On Wednesday, the dollar index fell further from 20-year highs, with the US Federal Reserve expected to hike interest rates by a half-point later in the day and by 250 basis points (bps) by the end of the year.
After experiencing wild gyrations in recent weeks, currency markets have calmed in to await the Fed's announcement and Chairman Jerome Powell's news conference. The dollar has soared to 20-year highs versus a basket of currencies. Markets expect the Federal to hike rates to as high as 3.6 percent by the end of 2023 in order to keep inflation from reaching 40-year highs. The Fed is expected to deliver a 50 basis point raise on Wednesday, after kicking off its hike cycle in March, with two more half-point hikes factored in for the following two sessions.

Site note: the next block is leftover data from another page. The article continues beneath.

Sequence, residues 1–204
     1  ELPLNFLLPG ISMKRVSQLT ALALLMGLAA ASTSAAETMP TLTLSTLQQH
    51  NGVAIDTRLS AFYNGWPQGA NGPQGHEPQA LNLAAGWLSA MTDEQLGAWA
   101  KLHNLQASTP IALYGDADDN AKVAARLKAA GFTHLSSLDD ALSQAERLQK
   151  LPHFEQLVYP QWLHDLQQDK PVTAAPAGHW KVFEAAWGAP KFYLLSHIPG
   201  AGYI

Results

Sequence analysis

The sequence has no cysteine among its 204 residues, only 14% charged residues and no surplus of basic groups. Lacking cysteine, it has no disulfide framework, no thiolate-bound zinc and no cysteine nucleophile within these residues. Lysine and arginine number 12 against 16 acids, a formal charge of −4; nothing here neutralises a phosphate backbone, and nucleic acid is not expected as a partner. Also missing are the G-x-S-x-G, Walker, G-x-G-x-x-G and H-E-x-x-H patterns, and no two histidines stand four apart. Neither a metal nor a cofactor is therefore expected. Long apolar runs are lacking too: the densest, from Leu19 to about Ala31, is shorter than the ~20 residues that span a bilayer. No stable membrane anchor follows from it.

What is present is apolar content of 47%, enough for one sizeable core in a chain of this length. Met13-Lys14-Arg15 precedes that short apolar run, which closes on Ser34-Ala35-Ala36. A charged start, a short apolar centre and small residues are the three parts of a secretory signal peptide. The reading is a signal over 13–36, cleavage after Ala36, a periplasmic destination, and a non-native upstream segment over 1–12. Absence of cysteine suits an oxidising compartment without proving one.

It could also reveal when it plans to begin decreasing its USD9 trillion balance sheet. Last month, these bets pushed the dollar index up 5% to approximately 103.93. It has now fallen 0.3 percent from those highs, and by 1030 GMT, it was trading at 103.40, down marginally on the day.
The dollar's surge has dragged on other currencies, sending the euro to two-decade lows near USD1.0469 last week. On Wednesday, it was trading at USD1.0525. "The fundamentals, the interest rate differential, the growth prognosis, and the risk-off mindset all point to the dollar," said Gergely Majoros, a member of Carmignac's investment committee.